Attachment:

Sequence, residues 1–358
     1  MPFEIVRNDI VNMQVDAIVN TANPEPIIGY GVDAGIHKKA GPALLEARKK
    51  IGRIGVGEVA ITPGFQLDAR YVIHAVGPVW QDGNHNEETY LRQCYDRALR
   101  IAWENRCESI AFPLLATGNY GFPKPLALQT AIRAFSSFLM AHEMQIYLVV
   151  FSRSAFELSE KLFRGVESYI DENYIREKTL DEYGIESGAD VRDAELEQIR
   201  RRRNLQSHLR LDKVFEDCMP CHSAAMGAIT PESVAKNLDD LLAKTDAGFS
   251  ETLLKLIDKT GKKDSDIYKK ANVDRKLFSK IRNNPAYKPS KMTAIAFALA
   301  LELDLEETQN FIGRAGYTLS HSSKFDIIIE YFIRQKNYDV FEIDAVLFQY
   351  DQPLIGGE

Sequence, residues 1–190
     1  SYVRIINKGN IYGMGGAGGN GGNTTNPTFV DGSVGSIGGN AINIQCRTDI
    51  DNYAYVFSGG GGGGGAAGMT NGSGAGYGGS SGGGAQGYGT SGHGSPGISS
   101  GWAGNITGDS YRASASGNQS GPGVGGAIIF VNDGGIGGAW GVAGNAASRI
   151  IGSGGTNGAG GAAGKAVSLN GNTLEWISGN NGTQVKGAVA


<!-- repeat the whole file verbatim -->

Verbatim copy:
Sequence, residues 1–358
     1  MPFEIVRNDI VNMQVDAIVN TANPEPIIGY GVDAGIHKKA GPALLEARKK
    51  IGRIGVGEVA ITPGFQLDAR YVIHAVGPVW QDGNHNEETY LRQCYDRALR
   101  IAWENRCESI AFPLLATGNY GFPKPLALQT AIRAFSSFLM AHEMQIYLVV
   151  FSRSAFELSE KLFRGVESYI DENYIREKTL DEYGIESGAD VRDAELEQIR
   201  RRRNLQSHLR LDKVFEDCMP CHSAAMGAIT PESVAKNLDD LLAKTDAGFS
   251  ETLLKLIDKT GKKDSDIYKK ANVDRKLFSK IRNNPAYKPS KMTAIAFALA
   301  LELDLEETQN FIGRAGYTLS HSSKFDIIIE YFIRQKNYDV FEIDAVLFQY
   351  DQPLIGGE

Sequence, residues 1–190
     1  SYVRIINKGN IYGMGGAGGN GGNTTNPTFV DGSVGSIGGN AINIQCRTDI
    51  DNYAYVFSGG GGGGGAAGMT NGSGAGYGGS SGGGAQGYGT SGHGSPGISS
   101  GWAGNITGDS YRASASGNQS GPGVGGAIIF VNDGGIGGAW GVAGNAASRI
   151  IGSGGTNGAG GAAGKAVSLN GNTLEWISGN NGTQVKGAVA